It would be misleading to say that sculptor Matthew Day Jackson simply photographed anthropomorphic land formations in the course of a four-month drive through the continental United States, as if they were just sitting there waiting for him. Perhaps a few of these noble heads were, but many others were camera shy and had to be coaxed out of hiding – only from certain camera angles would they agree to expose themselves. This initial reticence aside, the 48 different sentinels, each representing an historic region (Lincoln Head Park in Washington; Bandon Rocks in Oregon, Hells’ Half Acre in Wyoming, etc) pose with the same proud determination shown more or less a century ago by Edward Curtis’ Indian chiefs. But who are they? The answer, Jackson tells us, requires us to peer into a post-apocalyptic future, where each portrait depicts one of “Mother Nature’s Land Soldiers.” Through erosion, pollution and relentless environmental degradation they have resurfaced to reclaim the earth, guarding forests, surveying coastlines and even looking skyward for potential threats.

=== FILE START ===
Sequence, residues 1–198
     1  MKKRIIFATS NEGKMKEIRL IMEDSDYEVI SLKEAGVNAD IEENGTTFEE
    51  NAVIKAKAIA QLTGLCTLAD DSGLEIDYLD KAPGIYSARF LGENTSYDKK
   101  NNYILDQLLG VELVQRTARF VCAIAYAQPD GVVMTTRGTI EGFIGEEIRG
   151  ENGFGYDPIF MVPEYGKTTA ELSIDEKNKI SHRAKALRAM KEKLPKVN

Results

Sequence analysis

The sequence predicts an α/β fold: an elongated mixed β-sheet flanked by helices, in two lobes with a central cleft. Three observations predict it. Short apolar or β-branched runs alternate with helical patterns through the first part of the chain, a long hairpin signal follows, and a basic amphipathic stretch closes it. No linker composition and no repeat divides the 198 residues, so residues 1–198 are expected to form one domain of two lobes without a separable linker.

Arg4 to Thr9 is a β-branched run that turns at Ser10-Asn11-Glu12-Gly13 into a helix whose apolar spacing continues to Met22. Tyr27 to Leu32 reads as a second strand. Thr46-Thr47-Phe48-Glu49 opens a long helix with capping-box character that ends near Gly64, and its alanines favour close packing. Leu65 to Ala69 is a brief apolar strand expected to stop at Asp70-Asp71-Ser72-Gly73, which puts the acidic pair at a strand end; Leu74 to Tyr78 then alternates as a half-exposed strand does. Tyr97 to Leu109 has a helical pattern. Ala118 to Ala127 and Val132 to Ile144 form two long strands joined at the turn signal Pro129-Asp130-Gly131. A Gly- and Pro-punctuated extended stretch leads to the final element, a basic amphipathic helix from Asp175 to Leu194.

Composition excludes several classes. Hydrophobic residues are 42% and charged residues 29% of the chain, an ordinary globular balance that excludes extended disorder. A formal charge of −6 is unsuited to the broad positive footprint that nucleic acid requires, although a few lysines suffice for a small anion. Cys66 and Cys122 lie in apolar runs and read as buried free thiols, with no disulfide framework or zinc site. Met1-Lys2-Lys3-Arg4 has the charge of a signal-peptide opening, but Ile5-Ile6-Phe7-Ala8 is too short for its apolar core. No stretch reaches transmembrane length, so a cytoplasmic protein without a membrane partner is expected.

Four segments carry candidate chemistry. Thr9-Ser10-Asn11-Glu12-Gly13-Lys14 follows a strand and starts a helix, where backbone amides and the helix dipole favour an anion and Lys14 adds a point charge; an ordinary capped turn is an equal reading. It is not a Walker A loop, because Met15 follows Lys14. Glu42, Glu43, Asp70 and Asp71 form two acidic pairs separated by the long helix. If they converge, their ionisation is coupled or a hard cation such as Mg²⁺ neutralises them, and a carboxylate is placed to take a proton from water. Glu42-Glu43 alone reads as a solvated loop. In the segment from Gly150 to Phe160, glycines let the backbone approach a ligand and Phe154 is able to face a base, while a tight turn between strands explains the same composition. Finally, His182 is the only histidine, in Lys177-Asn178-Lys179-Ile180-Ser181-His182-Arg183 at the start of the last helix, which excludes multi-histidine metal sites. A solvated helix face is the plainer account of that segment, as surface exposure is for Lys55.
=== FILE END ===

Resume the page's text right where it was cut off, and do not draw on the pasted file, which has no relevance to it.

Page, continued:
Text by William A Ewing

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